In some examples of the invention, determining if the file may be transferred to the communication network from the memory in the access system comprises determining if the end-user system is using the file.
In some examples of the invention, determining if the file may be transferred to the communication network from the memory in the access system comprises preventing concurrent use of the file.
In some examples of the invention, notifying the end-user system that the file will be transferred from the memory in the access system to the communication network comprises inhibiting the end-user system from using the file.
In some examples of the invention, notifying the end-user system that the transfer of the file from the memory in the access system to the communication network is complete.
In some examples of the invention, storing the file in the memory in the access system comprises, before storing the file, determining if the file should be stored in the memory in the access system.
In some examples of the invention, determining if the file should be stored in the memory in the access system comprises determining if the end-user system has a legal right to store the file in the memory in the access system.
In some examples of the invention, determining if the file should be stored in the memory in the access system comprises determining if the file is already stored in the memory in the access system.
In some examples of the invention, the access link comprises a wireless link.
In some examples of the invention, the access link comprises a Code Division Multiple Access (CDMA) link.
In some examples of the invention, the access link comprises a Multipount.
In some examples of the invention, the file comprises an audio file.
In some examples of the invention, the file comprises a video file.
The same reference number represents the same element on all drawings.
Reverse Caching System Configuration—
Core communication network 115 could be the Internet or some other data communication system available to residential end-users. Access system 110 could be an Internet service provider or some other portal to core communication network 115. Access links 100 could use metallic, optical fiber, wireless link (air), or some other media. Examples of metallic media include coaxial cable and twisted pair wires. Access links 100 could use multipoint multiservice distribution system, code division multiple access, analog telephony, digital subscriber line, Internet protocol, Ethernet, asynchronous transfer mode, or some other type of communication protocol.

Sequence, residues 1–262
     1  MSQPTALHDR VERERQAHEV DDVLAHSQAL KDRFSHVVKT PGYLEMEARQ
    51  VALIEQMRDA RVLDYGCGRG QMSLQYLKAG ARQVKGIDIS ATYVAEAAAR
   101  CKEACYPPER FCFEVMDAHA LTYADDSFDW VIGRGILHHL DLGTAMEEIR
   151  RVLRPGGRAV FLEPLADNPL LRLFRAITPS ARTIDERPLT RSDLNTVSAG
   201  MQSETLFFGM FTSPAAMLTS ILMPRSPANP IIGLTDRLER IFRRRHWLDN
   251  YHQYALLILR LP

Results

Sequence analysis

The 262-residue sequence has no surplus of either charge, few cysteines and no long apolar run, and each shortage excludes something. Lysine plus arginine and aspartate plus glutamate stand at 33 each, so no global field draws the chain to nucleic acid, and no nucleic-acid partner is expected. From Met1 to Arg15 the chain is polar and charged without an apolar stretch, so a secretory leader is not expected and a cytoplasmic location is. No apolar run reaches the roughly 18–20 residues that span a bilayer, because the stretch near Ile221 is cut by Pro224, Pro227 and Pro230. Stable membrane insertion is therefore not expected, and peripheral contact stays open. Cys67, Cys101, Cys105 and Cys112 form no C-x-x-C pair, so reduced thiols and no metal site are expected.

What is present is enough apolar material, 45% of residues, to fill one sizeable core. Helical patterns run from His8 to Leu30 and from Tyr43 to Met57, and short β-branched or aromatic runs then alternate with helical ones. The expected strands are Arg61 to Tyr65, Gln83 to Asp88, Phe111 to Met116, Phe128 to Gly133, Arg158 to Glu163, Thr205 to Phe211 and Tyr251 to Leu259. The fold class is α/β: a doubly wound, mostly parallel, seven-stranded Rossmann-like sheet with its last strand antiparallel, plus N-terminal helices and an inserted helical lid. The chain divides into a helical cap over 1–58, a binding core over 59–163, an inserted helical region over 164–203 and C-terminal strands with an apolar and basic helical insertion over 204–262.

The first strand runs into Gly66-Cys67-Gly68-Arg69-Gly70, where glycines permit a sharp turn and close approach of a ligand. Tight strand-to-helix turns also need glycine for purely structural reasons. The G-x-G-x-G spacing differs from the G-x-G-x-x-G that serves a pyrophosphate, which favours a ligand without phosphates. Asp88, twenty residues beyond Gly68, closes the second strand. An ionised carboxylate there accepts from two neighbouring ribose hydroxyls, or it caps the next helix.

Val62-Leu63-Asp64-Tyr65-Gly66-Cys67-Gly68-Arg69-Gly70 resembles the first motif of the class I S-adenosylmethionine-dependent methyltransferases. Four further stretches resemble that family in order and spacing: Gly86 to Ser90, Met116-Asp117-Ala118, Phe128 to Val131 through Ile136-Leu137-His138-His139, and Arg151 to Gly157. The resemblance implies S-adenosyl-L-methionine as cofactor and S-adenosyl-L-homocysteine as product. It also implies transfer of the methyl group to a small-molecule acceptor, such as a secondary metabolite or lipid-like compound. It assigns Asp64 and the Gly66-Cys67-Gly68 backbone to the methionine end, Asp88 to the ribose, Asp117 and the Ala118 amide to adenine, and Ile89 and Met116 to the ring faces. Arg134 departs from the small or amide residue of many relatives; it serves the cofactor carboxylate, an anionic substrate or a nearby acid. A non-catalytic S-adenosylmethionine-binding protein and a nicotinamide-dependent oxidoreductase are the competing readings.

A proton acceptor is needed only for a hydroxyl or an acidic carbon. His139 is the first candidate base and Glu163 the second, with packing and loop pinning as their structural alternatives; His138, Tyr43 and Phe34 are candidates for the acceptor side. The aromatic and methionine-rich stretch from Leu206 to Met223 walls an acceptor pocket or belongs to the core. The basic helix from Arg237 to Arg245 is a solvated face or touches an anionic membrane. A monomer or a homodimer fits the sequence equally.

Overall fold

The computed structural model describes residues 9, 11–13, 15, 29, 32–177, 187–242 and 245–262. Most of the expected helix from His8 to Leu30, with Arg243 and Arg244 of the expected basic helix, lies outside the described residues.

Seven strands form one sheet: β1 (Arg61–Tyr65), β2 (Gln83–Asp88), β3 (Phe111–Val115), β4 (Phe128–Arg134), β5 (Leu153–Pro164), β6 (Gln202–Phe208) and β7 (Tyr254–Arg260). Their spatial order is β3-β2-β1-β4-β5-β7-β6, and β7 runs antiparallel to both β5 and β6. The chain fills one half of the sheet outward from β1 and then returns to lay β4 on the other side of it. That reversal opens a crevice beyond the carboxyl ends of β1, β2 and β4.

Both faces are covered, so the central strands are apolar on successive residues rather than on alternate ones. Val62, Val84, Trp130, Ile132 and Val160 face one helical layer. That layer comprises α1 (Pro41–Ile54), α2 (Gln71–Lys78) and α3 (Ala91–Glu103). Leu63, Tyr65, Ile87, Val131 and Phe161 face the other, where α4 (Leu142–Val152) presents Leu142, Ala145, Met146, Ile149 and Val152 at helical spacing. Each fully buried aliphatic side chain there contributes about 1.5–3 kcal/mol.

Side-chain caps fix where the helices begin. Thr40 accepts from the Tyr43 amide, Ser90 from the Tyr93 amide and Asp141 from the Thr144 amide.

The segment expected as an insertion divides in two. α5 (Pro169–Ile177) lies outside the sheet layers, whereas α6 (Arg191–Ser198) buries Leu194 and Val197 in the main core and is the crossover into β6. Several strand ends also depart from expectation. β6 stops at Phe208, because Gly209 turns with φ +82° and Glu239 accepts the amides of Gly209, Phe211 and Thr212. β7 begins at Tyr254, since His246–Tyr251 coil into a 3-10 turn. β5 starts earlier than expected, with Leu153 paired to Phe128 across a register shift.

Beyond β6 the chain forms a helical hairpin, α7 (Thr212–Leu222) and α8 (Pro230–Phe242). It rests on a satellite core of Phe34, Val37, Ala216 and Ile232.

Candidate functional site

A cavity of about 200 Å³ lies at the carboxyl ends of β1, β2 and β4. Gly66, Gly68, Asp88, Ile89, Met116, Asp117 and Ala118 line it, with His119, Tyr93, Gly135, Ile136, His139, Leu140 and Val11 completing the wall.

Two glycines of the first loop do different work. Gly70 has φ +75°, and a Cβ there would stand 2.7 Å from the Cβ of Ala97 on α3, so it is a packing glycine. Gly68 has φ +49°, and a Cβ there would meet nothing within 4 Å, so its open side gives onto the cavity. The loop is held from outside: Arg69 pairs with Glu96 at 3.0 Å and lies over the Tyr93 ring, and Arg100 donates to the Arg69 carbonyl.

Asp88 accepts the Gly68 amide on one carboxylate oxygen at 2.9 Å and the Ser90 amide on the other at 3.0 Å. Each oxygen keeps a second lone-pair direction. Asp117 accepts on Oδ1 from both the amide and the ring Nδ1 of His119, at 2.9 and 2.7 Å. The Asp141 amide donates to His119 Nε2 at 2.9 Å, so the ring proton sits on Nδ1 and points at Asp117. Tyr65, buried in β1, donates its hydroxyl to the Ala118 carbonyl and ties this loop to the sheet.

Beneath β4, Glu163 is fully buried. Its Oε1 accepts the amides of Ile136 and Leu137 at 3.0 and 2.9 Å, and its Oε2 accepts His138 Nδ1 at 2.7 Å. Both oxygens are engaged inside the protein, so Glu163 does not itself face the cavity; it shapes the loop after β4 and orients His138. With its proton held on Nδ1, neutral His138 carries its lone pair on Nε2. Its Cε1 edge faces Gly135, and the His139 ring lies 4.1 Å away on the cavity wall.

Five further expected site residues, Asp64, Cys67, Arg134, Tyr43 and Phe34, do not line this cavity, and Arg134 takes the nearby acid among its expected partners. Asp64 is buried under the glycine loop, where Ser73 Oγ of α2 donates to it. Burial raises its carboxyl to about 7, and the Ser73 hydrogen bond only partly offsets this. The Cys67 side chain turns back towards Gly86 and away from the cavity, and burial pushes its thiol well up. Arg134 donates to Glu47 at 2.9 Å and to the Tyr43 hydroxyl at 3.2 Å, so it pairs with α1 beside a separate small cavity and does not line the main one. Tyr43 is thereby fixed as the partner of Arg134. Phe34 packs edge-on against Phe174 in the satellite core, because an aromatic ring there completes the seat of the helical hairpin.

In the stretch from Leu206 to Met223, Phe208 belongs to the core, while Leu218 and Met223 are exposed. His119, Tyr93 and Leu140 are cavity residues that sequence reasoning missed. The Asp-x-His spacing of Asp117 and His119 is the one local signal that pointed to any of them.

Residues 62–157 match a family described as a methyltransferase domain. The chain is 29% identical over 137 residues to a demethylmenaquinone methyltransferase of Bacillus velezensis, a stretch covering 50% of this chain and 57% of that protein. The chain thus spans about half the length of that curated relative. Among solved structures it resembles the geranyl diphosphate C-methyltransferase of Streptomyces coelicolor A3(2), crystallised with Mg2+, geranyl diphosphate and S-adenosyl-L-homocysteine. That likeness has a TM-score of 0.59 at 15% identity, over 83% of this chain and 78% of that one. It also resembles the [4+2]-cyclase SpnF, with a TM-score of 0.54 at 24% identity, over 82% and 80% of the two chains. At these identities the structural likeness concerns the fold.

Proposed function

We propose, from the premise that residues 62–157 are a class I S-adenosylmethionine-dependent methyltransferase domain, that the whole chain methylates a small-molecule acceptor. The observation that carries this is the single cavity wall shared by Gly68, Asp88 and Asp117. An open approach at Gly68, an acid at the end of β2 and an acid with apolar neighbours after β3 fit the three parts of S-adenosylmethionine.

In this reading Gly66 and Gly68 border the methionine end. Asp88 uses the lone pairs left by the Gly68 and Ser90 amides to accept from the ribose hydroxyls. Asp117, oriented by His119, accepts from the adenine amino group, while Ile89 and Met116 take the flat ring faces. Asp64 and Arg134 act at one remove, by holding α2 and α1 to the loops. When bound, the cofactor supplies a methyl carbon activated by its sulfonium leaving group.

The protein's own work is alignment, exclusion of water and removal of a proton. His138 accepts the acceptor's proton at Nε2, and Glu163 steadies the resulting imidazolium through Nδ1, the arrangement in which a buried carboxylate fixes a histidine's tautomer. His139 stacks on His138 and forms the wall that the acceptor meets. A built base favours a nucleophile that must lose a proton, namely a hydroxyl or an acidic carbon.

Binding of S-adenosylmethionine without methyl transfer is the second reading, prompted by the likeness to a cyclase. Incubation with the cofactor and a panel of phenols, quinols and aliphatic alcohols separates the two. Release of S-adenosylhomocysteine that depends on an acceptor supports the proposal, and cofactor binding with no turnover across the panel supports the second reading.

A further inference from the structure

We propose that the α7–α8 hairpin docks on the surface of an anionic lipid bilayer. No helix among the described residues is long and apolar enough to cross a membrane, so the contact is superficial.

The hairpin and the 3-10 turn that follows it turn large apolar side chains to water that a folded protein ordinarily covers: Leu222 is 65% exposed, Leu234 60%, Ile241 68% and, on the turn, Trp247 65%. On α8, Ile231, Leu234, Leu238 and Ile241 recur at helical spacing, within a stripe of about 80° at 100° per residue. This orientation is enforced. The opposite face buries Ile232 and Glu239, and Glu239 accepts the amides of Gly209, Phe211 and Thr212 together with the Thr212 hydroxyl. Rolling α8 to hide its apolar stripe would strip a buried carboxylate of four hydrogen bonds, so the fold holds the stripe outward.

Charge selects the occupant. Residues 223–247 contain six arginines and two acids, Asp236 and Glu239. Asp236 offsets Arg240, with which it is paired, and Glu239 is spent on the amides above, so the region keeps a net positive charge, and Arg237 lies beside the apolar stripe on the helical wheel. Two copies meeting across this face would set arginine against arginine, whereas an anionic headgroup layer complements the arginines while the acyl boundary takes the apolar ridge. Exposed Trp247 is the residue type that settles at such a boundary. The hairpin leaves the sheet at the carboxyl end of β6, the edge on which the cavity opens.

Residential end-users 101-103 are individual persons living in a residence, such as a home or apartment. Residential end-users 101-103 operate end-user systems that are coupled to access links 100. The end-user systems could be computers, televisions, telephones, digital assistants, Internet appliances, or some other type of communication device. Residential end-users 101-103 host content files, such as audio and video files. Residential end-users 101-103 use an end-user file sharing protocol, such as Napster or Gnutella, to transfer their content files over access links 100 to core communication network 115.
Reverse caching system 120 includes filter 121 and cache 122. Cache 122 is configured to store the content files. Filter 121 monitors residential end-user communications to cache content files that are transferred from residential end-users 101-103 over access links 100 to core network 115. Filter 121 also monitors the residential end-user communications to identify requests for the content files that are in cache 122. In response to identifying the requests, filter 121 transfers the requested content files from cache 122 to core communication network 115. Advantageously, the usage of access links 100 is reduced because they do not repeatedly transfer the same content files. This usage reduction maintains higher quality communication services for residential end-users 101-103.
Network interface 223 could comprise a network interface card or some other communication device. Network interface may include a packet filtering application specific integrated circuit configured to detect packets that use specific end-user file sharing protocols. For example, a digital filter could be configured to detect Napster or Gnutella packets. Network interface 223 may be distributed among multiple communication devices.